The loss of Ruby Dee (pictured) stunned fans of the award-winning actress, who passed away at the age of 91 in New Rochelle, N.Y. With a career that spans decades, the celebrated stage, film, and television star has left behind a firmly cemented legacy. Dee’s contributions to Black Cinema are not only noteworthy, they are absolutely necessary.
Dee’s first big break occurred, when in 1946, she starred in “Anna Lucasta,” a Broadway and national touring production. The play was both a boon for her professional and romantic life as she met her husband, Ossie Davis, as he worked the stage of another play.
The big screen came calling that year as well, starring in the film “That Man Of Mine,” and two years later, she starred in “What A Guy” that featured an all-Black cast. It wasn’t until the 1950′s “The Jackie Robinson Story” that Hollywood began to take notice of the glamorous Harlem native. Dee played the pioneering baseball star’s wife in the film, opposite of Robinson who played himself.
The stage is where Dee shined before her run in cinema would explode, and it was there again that her abilities were on display to be lauded by critics and fans alike. In 1959, Dee starred in a Broadway production of Lorraine Hansberry‘s “A Raisin In the Sun” opposite fellow American Negro Theater alum Sidney Poitier. The play was turned into a film in 1961, which placed Dee on the nation’s entertainment radar.
The 1960s would be both a time of a notable creative uptick for Dee and Davis and also the couple becoming activists and important figures of the Civil Rights Movement. Davis wrote the southern-themed play “Purlie Victorious,” which was also turned into the 1963 film “Gone Are the Days!” with the pair reprising their roles. This period was marked with the couple forging close relationships with Malcolm X and Rev. Martin Luther King Jr.
Splitting time between the stage and television, Dee followed in her husband’s footsteps and began writing scripts for films. One of her productions, 1967′s “Uptight,” starred former “Rawhide” actor Raymond St. Jacques. The 1972 Black Western “Buck and the Preacher” was another standout role for Dee, and it featured former troupe mate Harry Belafonte.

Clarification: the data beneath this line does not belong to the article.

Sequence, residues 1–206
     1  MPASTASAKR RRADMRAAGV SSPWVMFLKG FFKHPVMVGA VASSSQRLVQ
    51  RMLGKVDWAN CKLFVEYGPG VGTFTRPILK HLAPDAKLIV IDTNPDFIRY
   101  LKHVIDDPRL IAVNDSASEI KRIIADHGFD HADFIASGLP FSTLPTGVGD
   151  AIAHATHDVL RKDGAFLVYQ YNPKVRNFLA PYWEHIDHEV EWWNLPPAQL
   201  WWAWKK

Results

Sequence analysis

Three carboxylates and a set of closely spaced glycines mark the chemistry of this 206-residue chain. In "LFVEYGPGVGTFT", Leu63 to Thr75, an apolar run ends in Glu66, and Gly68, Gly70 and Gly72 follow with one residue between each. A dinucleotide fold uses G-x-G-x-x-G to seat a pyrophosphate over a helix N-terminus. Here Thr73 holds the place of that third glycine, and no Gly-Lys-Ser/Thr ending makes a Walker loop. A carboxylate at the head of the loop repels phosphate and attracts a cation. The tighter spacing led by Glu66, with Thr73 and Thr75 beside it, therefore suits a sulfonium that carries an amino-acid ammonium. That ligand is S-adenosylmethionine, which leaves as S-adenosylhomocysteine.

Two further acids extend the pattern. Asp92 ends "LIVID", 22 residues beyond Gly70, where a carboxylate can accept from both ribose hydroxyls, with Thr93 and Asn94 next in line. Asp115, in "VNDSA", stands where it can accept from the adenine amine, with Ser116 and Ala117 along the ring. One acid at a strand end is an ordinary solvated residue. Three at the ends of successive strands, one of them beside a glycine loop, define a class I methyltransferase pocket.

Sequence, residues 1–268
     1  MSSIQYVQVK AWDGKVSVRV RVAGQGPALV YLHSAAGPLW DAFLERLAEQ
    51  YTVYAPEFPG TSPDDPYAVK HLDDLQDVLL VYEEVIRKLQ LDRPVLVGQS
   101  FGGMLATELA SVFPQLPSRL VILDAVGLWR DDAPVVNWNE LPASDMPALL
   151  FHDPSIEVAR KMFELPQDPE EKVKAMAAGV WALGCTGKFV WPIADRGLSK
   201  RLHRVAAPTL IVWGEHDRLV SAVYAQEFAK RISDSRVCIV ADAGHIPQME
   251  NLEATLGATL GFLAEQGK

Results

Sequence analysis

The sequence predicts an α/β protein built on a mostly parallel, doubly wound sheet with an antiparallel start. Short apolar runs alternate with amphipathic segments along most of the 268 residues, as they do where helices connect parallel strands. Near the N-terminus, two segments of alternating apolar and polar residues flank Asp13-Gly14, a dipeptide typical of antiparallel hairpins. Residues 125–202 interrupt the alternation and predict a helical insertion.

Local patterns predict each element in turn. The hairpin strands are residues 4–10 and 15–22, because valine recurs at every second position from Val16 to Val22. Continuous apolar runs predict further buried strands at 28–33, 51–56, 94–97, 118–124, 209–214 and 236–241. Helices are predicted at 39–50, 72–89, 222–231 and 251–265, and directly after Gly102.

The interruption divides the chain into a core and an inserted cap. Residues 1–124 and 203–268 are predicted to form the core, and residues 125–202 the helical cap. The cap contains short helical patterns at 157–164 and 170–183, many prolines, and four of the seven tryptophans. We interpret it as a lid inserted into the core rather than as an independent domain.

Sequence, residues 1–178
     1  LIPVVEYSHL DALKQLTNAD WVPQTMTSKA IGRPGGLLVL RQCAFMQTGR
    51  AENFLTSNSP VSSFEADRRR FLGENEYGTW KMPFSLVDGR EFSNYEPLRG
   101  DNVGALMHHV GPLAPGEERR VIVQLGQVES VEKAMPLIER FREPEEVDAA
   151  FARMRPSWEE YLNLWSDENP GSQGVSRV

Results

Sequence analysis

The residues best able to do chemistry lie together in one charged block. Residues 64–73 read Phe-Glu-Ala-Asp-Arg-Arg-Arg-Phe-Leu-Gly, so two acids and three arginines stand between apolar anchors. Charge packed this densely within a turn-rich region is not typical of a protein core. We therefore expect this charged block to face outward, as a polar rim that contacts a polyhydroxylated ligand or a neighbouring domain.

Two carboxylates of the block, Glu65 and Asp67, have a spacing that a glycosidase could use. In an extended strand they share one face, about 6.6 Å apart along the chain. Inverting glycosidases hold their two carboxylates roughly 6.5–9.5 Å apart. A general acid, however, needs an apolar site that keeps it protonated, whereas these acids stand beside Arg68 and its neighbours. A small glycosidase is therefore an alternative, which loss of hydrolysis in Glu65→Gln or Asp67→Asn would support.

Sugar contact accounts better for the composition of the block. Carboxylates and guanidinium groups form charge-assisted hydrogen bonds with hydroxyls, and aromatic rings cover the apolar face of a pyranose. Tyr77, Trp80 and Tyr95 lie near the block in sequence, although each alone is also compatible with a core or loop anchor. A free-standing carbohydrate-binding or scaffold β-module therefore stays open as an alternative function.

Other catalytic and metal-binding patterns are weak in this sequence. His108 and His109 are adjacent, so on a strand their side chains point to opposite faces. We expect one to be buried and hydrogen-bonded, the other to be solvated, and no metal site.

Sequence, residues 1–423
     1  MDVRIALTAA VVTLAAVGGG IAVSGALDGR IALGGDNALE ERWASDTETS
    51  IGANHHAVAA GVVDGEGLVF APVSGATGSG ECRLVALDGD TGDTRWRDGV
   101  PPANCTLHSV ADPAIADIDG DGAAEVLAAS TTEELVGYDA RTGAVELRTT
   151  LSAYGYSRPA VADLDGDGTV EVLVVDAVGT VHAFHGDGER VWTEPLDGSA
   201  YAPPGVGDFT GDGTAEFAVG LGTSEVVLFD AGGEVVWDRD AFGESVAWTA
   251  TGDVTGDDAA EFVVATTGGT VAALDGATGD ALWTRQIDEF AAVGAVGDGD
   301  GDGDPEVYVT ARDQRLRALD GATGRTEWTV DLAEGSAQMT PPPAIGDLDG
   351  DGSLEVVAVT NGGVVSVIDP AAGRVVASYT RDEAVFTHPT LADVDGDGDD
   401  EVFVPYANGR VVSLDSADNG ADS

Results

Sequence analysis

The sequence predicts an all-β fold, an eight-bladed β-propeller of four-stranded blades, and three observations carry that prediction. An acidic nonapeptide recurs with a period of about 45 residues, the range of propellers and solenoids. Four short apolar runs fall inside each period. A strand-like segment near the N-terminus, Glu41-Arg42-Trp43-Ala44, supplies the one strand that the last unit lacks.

She continued to work the stage, starring in productions of challenging plays such as “Hamlet” and the “The Taming of the Shrew” and countless others. In the late 1970s, a pair of made-for-TV films would add on to her towering list of appearances. The miniseries “Roots” featured Dee in the role of “Queen Haley,” and the film adaptation of the late-Maya Angelou‘s “I Know Why The Caged Bird Sings” were both released in 1979.
Dee and Davis also appeared in a pair of films from director Spike Lee: the 1989 classic “Do The Right Thing” and “Jungle Fever.” Dee’s film career slowed down in the 1990s somewhat, although she remained busy as a stage and television actress. Amazingly, Dee didn’t receive her first Academy-Award nomination until 2008 for her role in “American Gangster” as “Mama Lucas” in the Supporting Actress category. Her last work in film was on Lifetime’s “Betty and Coretta” film as a narrator in 2013.
In 1991, she received an Emmy for Outstanding Supporting Actress in a Miniseries or Movie for her role in “Decoration Day.” In 2001, she received the Screen Actors Guild Lifetime Achievement Award. In 2007, Dee would win a Grammy for Best Spoken World Album along with her husband for the recording “With Ossie And Ruby: In This Life Together.”
Listing Dee’s achievements and awards couldn’t nearly capture her vital role in the African-American cinematic landscape. Her regal beauty, formidable stage presence, and ability to convey a wide array of emotions in a scene proved that she was indeed one of the big screen’s valuable treasures.
She has inspired many young Black actresses, including recent Tony Award winner Audra McDonald, who thanked Dee for paving the way for her just this past Sunday.
Dee will be sorely missed, but what she has left behind can be revisited until the end of our own days. We were blessed with such an immense talent and we can only hope that others will follow her mighty footsteps.
Rest Powerfully In Peace, Ruby Dee.
Ruby Dee’s Contributions To Black Cinema Are Extraordinary was originally published on newsone.com